“It’s Honda that decides normally [who you race for in SF]. They normally ask you ‘what do you want, what do you need for next year?’, and I said ‘look, I don’t need anything for Super Formula, I actually want to stay with Nakajima and try to win the title’. Because we knew that the car was awesome, and was really good in every race, and me not being a rookie anymore and hopefully with no mechanical issues we would have fought for the title again this year.”

During 2019, Palou also raced a McLaren in Super GT300 for revived title-winning and Le Mans 24 Hours-winning outfit Team Goh. Once again it was a deal clinched after his first year in Japan.

A relationship built between driver and team, which was well aware of Palou’s IndyCar dream given he’d already shown his title-fighting capabilities in SF. As luck had it, Goh has sponsored DCR in 1990 and helped organise an IndyCar test for Palou. After the Spaniard showed well in that, Goh decided to relocate its racing efforts to where Palou was now headed.

“[The support is] a bit of everything. My spotter is [former American-Japanese IndyCar driver] Roger Yasukawa, he was the manager last year at Team Goh. We’re receiving technical support as well.

“Without Team Goh I wouldn’t be here, and without Honda I wouldn’t be here. Only with one, I wouldn’t be here. It’s everybody that made this possible, and it’s pretty crazy to think you have to go to Japan before coming here, and you build relationships there that are going to allow you to come here. I like it, I love it, and that means they were really happy with us, which is awesome. When a team or a group of people wants to stay with you again, it’s a nice feeling.”

Palou’s been a rookie sensation in almost everything else he’s competed in, so how has his 2020 IndyCar campaign fared?

He was on the podium by his third race, and qualified third for the one immediately after, claimed fastest lap on his fifth ever race on an oval after qualifying seventh for his first crack at the Indianapolis 500, but has been involved in clashes of his own (such as Indy) and others’ making that has left him 17th in the points – and trailing Ed Carpenter Racing’s Indy Lights graduate Rinus VeeKay in the fight for the rookie title – in such a highly competitive grid.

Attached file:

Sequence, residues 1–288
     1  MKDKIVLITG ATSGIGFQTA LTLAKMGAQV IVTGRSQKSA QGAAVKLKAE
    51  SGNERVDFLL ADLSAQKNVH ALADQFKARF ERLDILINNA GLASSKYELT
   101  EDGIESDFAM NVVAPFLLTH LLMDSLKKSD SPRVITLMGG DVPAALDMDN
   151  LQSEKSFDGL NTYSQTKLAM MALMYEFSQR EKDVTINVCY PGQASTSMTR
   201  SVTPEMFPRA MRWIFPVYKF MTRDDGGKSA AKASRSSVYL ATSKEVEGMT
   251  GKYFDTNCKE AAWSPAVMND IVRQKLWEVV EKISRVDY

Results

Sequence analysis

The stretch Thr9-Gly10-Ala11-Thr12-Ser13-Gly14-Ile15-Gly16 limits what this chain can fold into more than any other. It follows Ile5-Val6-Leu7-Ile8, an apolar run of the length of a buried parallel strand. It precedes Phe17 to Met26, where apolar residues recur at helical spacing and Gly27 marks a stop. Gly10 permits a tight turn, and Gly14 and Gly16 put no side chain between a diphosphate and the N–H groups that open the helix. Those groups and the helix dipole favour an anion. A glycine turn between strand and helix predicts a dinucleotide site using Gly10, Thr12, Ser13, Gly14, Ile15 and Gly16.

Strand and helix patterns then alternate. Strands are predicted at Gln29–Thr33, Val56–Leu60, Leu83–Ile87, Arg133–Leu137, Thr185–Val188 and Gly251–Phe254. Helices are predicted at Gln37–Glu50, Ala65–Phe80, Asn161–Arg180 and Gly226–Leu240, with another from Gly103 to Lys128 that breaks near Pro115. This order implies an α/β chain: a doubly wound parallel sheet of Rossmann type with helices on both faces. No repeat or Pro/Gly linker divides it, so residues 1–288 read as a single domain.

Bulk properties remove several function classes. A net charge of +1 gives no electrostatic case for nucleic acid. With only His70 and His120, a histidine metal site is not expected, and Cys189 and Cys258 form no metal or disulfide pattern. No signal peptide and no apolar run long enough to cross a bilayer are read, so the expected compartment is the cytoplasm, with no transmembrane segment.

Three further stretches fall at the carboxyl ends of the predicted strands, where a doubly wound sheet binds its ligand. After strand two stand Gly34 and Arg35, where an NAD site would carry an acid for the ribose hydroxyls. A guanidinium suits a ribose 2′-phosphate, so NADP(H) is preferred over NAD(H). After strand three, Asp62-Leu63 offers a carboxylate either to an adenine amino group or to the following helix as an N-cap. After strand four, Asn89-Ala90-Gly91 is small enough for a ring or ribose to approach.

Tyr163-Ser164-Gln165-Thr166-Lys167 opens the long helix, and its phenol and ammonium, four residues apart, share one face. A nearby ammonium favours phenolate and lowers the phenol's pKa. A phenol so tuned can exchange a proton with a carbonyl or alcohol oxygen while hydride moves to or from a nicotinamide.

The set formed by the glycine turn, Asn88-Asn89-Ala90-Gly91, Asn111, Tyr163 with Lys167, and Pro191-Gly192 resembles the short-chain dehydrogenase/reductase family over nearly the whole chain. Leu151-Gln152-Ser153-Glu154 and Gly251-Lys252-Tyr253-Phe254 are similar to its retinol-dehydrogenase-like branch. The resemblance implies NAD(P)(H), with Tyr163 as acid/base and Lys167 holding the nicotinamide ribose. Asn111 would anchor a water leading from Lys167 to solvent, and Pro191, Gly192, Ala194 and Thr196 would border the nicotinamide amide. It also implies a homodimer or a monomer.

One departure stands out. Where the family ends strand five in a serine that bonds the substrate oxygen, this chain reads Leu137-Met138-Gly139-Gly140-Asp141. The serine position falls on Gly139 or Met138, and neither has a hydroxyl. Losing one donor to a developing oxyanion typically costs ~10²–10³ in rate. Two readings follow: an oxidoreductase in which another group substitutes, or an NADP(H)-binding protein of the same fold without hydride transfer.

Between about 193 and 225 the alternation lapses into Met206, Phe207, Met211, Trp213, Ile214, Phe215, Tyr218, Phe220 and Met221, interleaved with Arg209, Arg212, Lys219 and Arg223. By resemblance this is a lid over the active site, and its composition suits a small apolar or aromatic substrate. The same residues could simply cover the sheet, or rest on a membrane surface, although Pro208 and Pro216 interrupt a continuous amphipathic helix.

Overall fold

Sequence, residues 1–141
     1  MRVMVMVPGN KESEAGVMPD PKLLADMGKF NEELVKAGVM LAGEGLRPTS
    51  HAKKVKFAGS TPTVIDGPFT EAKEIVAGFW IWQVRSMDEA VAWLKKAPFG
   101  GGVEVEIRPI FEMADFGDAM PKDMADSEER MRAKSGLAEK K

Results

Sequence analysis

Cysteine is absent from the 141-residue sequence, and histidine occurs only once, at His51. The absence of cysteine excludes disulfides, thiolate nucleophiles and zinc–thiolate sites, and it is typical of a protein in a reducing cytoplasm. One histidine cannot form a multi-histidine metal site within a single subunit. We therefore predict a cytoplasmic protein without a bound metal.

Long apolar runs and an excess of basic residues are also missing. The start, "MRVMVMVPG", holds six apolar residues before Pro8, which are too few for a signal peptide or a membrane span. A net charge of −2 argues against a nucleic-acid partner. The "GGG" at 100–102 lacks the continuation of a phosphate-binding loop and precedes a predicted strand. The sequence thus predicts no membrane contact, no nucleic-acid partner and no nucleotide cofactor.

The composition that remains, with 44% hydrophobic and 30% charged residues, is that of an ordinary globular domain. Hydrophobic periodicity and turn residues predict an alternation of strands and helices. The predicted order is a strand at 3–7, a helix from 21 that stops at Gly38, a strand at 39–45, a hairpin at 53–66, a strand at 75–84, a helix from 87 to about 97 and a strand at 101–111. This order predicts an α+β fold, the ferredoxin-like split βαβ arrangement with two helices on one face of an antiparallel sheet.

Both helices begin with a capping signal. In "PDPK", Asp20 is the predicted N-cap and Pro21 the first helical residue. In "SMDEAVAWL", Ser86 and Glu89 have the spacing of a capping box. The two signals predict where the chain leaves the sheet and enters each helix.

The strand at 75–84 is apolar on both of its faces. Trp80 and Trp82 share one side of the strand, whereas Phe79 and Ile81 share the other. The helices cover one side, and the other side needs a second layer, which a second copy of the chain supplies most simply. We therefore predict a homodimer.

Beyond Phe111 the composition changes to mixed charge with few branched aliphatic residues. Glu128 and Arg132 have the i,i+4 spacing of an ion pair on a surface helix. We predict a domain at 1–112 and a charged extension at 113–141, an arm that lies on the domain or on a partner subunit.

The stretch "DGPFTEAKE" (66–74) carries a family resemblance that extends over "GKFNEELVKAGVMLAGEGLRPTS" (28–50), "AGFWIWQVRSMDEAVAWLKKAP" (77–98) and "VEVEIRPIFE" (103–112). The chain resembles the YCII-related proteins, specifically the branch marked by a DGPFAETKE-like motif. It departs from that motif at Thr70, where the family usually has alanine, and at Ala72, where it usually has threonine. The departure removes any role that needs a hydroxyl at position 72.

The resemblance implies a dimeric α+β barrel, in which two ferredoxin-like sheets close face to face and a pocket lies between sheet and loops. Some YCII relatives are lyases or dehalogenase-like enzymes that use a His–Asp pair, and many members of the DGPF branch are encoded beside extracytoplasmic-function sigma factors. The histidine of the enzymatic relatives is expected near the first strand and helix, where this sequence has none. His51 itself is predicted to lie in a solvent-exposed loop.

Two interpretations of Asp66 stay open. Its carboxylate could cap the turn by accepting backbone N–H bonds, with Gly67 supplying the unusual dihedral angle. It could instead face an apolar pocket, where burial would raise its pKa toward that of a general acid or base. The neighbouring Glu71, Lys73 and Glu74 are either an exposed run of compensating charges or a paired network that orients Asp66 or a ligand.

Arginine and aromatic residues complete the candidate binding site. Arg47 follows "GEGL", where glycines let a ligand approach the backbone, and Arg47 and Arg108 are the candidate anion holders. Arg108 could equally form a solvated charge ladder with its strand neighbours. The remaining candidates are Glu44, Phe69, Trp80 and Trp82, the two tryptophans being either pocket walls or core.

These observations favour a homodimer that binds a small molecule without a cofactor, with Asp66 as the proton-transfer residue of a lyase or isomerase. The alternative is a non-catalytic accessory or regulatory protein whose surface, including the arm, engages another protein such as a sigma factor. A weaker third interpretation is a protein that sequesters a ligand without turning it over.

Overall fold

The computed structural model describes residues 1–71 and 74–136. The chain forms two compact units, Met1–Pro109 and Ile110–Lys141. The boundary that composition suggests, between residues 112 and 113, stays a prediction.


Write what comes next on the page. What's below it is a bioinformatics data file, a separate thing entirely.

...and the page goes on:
“It’s a different style of racing once again. And it takes time to really get into it and understand,” admits Palou, who repeatedly praises the arms-out style of racing in America.

“I think we had a pretty good year so far. Maybe worse than what we wanted, but better performance than we expected. We’ve been pretty quick everywhere, we just need to put all the pieces together and we’ll be up front for sure.”

Putting together a weekend has been harder in 2020 by COVID-19 reducing many IndyCar rounds to single-day events with a single free practice session. For example Palou qualified fourth last time out at Mid-Ohio, but was crashed out almost immediately in the race in an incident caused by DCR stablemate Santino Ferrucci.

To aid his learning curve, Palou’s lent on the experience of Yasukawa, 1999 CART champion Juan Pablo Montoya and Spain’s only IndyCar race-winner Oriol Servia. While he has adapted quickly to ovals with that assistance, he admits oval results are ‘hurt a lot’ by his inexperience limiting his ability to contribute to strategy calls, whereas he can “read the race” on the road courses.

“It’s really different [to SF]. There is nothing that you can take over to go to Indycar. This car is so different to drive, but it’s awesome at the same time, I love it. There’s no power steering, the weight is really high just because it’s really safe for the oval courses, and it’s really powerful as well.”

This weekend’s races on the Indianapolis Motor Speedway road course mark the first time Palou is revisiting a track he knows, and he’s still rather optimistically aiming to bridge the 116-point gap to the top six in the standings in the three remaining rounds with the small team he drives for.

“But look, in Indy 500 which is the most important race, DCR gave me such a good car that I was fighting for pole, which is like ‘Man, not everybody gets that opportunity’. And I got it. And I got it with a really small team. So I’m super happy, and I just want to continue racing in IndyCar,” he states.

Any more strong results will assist in a “tough” effort to raise the budget to be back on the IndyCar grid next year for DCR with Team Goh, which is, kind of, where Palou’s headline-grabbing barista abilities come in.

During lockdown earlier this year he was based in Spain, where he owns a coffee shop with his girlfriend and spent some of his time working when the most stringent of restrictions were relaxed and he was waiting to make his IndyCar debut.

“It’s pretty much my girlfriend that runs it. We own it together, but it’s my girlfriend that runs it. And yeah, sometimes they need a hand as well [serving coffee].

“I tell everybody [in IndyCar] to go there, and to spend as much money as possible in our coffee shop! Obviously it’s hard, and it’s working pretty well. Again the pandemic is not helping, but we’ll make it happen.”

Palou is keeping his business interests and relationships in Japan going, as well as his links to the Monaco Increase Management company that has declared aims of creating a new F1 team with Palou in the driver’s seat, knowing that the crucial boost to get his 2021 budget over the line could come from any part of his career so far.